The global costs associated with cyber-crime have grown in recent years, according to a report released Feb. 21 by McAfee and the Center for Strategic and International Studies (CSIS).
The 28-page report, titled “Economic Impact of Cybercrime – No Slowing Down” estimates the total cost of cyber-crime to the global community in 2017 at between $445 billion and $600 billion. That’s up from a range of $345 billion to $445 billion that CSIS estimated the last time it released a report on cyber-crime costs back in 2014. The increased cost of cyber-crime was not a surprise to McAfee either.
“We are all aware that cyber-crime is a growing industry,” Raj Samani, Chief Scientist at McAfee, told eWEEK.
The report comes a week after the White House released a report from the Council of Economic Advisers (CEA) which estimated the cost of malicious cyber-activity to the U.S. economy in 2016 at between $57 billion and $109 billion. According to a Sept. 2017 report from Accenture, the average cost of cyber-crime to U.S. companies in 2017 was $21 million.
The McAfee CSIS report does not specifically breakout the cost estimate for the U.S. economy. Rather the report has an estimate for cyber-crime in North America, which includes data from the U.S., Canada and Mexico. For 2017, the McAfee CSIS report estimated the cost of cyber-crime in North America at between $140 billion and $175 billion.
“There will always be figures attempting to calculate the cost of cyber-crime and we need to recognize that we are trying to quantify the unknown,” Samani said. “However we need to remember that the purpose of such studies is to focus the narrative on the economic impact of cyber-crime rather than trying to determine who is right.”
Samani said that the purpose of highlighting the economic impact is to make it clear that cyber-crime isn’t just an IT issue, it’s also a business risk issue.
There are multiple components that contribute to the total cost of cyber-crime. Samani said that the most important area for the cost of cyber-crime is in the theft of intellectual property and businesses confidential information, which accounts for a quarter of cyber-crime’s economic impact.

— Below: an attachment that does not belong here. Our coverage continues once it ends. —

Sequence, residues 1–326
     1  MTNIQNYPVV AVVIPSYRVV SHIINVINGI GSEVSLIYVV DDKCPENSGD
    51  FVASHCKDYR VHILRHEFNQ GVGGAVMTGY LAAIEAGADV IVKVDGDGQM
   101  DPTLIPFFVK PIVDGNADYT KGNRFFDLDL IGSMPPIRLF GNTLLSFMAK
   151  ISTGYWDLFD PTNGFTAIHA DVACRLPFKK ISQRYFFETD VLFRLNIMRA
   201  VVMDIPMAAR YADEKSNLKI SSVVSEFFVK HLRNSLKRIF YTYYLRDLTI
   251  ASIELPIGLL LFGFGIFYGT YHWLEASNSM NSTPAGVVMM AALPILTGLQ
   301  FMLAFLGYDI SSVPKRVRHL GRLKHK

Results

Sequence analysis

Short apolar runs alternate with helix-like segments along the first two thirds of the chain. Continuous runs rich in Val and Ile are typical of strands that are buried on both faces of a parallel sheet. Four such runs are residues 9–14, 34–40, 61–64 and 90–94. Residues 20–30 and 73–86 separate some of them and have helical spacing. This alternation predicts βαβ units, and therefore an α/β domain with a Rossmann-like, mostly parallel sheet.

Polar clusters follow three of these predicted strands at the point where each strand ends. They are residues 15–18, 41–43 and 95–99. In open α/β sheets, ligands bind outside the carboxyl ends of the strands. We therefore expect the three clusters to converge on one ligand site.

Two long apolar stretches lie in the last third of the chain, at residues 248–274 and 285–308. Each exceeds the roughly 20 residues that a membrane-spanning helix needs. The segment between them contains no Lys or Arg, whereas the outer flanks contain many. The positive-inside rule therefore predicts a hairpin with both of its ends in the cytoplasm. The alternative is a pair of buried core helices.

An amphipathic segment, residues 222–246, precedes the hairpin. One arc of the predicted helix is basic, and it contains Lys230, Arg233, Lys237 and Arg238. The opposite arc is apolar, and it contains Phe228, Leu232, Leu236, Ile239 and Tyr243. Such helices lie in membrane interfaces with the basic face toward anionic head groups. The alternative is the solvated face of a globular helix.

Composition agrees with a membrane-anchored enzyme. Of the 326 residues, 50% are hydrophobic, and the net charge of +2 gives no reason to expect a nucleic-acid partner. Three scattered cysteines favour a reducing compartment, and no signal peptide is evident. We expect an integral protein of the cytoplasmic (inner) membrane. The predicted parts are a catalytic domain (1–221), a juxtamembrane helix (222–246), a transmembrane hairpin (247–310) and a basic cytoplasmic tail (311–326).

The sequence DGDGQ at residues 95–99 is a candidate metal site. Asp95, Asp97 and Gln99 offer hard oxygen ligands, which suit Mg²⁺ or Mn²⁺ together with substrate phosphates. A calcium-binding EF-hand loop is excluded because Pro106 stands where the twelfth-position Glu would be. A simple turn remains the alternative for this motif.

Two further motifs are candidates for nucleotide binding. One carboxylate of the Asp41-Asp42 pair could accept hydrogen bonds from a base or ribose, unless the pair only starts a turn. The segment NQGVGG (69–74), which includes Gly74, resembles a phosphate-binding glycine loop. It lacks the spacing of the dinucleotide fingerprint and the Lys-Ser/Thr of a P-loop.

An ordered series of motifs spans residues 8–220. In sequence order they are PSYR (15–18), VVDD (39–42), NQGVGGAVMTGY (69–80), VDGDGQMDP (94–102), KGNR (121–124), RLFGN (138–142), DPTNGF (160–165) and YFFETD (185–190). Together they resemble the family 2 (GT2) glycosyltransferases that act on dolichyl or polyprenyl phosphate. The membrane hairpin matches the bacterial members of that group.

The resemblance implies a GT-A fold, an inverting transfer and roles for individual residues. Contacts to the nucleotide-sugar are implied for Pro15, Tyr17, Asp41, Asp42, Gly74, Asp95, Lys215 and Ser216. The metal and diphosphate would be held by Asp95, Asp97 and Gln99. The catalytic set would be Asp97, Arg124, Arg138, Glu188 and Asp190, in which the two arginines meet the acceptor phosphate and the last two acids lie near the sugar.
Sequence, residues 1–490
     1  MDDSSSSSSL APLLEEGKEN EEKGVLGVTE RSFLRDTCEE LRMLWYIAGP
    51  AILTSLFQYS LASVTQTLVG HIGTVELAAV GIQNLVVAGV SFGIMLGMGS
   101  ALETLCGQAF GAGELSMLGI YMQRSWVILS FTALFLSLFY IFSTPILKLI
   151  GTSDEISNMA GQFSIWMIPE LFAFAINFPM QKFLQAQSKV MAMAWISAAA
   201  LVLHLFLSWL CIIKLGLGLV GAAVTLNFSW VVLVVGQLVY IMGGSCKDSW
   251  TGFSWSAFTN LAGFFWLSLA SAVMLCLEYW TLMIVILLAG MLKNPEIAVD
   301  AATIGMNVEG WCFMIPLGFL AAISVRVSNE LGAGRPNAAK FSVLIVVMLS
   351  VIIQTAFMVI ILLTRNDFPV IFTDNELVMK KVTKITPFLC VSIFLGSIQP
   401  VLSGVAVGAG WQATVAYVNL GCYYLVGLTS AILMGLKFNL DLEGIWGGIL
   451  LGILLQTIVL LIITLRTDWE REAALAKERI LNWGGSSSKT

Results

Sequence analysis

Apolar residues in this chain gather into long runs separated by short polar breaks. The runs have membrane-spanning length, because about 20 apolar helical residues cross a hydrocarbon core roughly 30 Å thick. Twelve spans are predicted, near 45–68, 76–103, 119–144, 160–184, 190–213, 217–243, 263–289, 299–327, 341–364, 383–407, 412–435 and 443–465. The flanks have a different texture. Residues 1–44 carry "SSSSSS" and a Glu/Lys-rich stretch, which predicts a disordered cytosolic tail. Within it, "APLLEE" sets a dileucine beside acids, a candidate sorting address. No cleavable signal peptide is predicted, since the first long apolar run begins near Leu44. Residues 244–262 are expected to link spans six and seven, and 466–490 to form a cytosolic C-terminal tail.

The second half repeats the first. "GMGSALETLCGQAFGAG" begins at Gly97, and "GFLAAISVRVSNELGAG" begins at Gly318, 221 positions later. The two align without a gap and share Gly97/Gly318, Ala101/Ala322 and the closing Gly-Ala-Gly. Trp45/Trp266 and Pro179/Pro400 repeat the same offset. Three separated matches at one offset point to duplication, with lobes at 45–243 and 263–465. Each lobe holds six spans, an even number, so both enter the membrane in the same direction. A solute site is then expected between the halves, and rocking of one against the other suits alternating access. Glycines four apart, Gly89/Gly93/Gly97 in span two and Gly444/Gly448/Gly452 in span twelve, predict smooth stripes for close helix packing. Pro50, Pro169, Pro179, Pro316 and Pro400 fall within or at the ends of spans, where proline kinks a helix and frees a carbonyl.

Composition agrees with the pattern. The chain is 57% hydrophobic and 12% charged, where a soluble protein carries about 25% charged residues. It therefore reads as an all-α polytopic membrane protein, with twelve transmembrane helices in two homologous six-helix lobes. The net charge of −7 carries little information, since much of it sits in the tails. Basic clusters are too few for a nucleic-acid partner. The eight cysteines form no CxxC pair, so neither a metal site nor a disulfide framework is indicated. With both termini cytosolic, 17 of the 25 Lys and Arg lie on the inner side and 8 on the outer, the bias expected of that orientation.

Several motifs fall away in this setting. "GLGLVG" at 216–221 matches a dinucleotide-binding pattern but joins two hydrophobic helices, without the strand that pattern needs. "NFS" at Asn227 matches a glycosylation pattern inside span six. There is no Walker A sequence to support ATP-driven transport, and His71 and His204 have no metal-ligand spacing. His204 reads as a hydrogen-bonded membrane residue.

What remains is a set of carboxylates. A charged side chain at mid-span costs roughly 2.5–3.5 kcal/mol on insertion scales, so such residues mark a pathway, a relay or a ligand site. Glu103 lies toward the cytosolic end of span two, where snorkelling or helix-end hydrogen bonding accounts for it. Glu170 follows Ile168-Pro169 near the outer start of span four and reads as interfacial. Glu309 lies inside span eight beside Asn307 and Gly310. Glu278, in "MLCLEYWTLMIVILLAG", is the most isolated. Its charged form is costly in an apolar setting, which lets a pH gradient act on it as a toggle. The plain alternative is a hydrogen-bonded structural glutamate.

Ransomware was a major issue for cyber-crime in 2017, with a host of associated costs. Samani said that with ransomware, invariably the cost paid to recover data is only the tip of the iceberg. Potential downtime and business disruption are also large costs as was seen with the NotPetya ransomware attack in June 2017.
“With NotPetya there was a significant cost that resulted in a downgrade of quarterly earnings for some impacted companies,” Samani said.
How To Reduce the Costs of Cybercrime
There are multiple steps organizations can take to help reduce the costs associated with cyber-crime. Samani recommends that organizations properly appreciate the value of business IP as well as employee and customer data.
“Enterprises have to place the appropriate protection on these assets and ensure they’re protecting key digital assets appropriately,” Samani said. “Fundamentally though, do not mistake this as an issue for the IT department, today IT risk is business risk,” he said.
Sean Michael Kerner is a senior editor at eWEEK and InternetNews.com. Follow him on Twitter @TechJournalist.